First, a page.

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Continued Rise in Fines for Companies in Breach of Health and Safety


What is considered safe practice in all industries is a fluid construct and subject to continual re-evaluation. On top of this, new guidelines for sentencing for courts that deal with corporate manslaughter, food safety and health and safety offences were recently updated and published, manifesting in much higher fines for all cases sentenced after 1st February 2016. This obviously makes uneasy reading for Human Resources professionals responsible for compliance in health and safety across the gamut of industries in the UK. It could be especially damaging for small and medium sized companies who don’t have specialized health and safety departments and bosses should be aware of the consequences of any future prosecutions and fines. These new guidelines highlight the absolute importance of being compliant and up to date with all legal obligations for training.

Obviously, because of the generalized nature of the guidelines’ implications there are countless potential ramifications, but here are some of the key instance in which a company might become open to tougher sanctions including very nasty fines:

·       A lack of hygiene causing an outbreak of food poisoning at a food processing factory

·       Failing to care for residents of a care home to appropriate standards

·       Failure to carry out proper risk assessments on site, resulting in an employee suffering an injury

As anyone in the construction trade should know, the danger of asbestos remains very real – in fact deaths from mesothelioma remain on the rise and just four days prior to writing these very words, on 15th July 2016, General Motors UK, the company behind Vauxhall Motors, was fined £120,000 as a result of its contractors disturbing asbestos during work. This particular incident happened in Cheshire at the Ellesmere Port facility. It was during work to replace high pressure hot water boilers that the contractor found Asbestos Insulating Boards under the cladding on the building’s exterior. On the day of the discovery, the asbestos register which would have allowed the contractor to check the boards out was not on hand. When the location of the new pipework was changed to the side of the building no review of the risk assessment for the job, specifically in relation to asbestos, was undertaken. Subsequent sampling confirmed the presence of asbestos. General Motors gave no instructions to the contractor to stop the work to prevent disturbance of potentially fatal AIBs. The work, including the removal and cutting of holes in the boards, continued without suitable precautions. General Motors UK Ltd, pleaded guilty to a single breach of Section 3 (1) the Health and Safety at Work etc. Act 1974 and was fined £120,000 and ordered to pay £11,779 in prosecution costs, highlighting just how severe these penalties can be, as well as the importance of risk assessment at all stages of every job, especially when plans change.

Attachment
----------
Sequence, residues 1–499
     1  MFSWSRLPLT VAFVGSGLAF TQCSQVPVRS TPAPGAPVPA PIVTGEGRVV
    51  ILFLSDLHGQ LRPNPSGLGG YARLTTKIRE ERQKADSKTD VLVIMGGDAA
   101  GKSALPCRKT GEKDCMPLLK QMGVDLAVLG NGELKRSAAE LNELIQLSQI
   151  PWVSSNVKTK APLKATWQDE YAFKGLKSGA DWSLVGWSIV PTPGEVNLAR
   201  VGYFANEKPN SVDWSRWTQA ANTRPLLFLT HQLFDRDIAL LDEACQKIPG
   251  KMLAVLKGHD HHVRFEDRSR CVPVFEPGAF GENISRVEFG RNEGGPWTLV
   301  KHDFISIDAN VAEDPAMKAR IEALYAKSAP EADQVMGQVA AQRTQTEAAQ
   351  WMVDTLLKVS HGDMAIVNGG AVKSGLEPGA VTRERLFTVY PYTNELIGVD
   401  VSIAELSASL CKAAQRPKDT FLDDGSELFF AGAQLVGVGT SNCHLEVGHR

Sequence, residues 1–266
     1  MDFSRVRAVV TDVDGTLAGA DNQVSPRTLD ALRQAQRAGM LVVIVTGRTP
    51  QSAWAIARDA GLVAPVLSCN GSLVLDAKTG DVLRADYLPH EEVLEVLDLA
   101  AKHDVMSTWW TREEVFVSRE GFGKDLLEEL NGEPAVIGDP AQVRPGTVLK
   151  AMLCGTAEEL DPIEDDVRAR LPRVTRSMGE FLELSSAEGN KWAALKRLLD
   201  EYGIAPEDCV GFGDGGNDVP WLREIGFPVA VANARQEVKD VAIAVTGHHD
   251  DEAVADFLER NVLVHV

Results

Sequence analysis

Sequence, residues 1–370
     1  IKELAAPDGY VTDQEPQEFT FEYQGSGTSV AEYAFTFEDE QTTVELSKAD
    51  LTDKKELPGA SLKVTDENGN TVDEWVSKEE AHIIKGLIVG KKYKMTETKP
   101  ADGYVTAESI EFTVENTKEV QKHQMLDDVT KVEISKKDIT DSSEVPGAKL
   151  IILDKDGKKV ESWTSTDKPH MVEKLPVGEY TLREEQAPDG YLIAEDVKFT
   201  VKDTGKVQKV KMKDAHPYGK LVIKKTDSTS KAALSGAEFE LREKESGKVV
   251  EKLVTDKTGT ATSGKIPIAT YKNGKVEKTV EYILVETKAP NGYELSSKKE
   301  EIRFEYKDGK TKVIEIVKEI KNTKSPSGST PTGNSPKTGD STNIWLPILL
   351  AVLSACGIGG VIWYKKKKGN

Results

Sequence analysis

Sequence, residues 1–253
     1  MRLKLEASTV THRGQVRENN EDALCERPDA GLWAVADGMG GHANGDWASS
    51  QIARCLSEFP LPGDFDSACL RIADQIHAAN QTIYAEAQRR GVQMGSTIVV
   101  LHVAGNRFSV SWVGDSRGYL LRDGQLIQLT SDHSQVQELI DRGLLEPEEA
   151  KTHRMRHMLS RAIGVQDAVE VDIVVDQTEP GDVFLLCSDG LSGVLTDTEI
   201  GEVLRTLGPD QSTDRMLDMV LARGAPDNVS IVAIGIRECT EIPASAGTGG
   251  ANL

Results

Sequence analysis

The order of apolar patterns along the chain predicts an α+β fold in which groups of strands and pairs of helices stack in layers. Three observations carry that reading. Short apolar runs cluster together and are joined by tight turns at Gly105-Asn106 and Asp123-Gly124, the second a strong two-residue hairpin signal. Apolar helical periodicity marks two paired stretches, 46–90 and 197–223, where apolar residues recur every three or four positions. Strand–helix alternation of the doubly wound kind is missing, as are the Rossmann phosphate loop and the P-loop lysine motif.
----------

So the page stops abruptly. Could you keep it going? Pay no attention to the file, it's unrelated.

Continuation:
This outcome came only months after a condiments producer (Mizkan Euro – who count Branston Pickle among their brands) and its building contractor were ordered to pay fines and costs over £180,000 after asbestos was disturbed during demolition work. The asbestos was only identified by chance when a licensed removal contractor came to the site, showing again the lack of adequate planning and risk assessment and the severity of the consequences.

Clearly these fines are small change for the likes of GM, but smaller companies could go under if faced with similar penalties, while under the new guidelines corporate manslaughter convictions could attract fines between £4,800,000 and £20,000,000 (larger for larger companies). In order to calculate the fine, under the new guidelines, especially for severe cases like corporate manslaughter the stated intention is to have a “real economic impact” and turnover rather than profit is used as the measuring stick. What is clear is that SMEs across the land will have to make sure their health and safety, training and risk assessment protocols are watertight.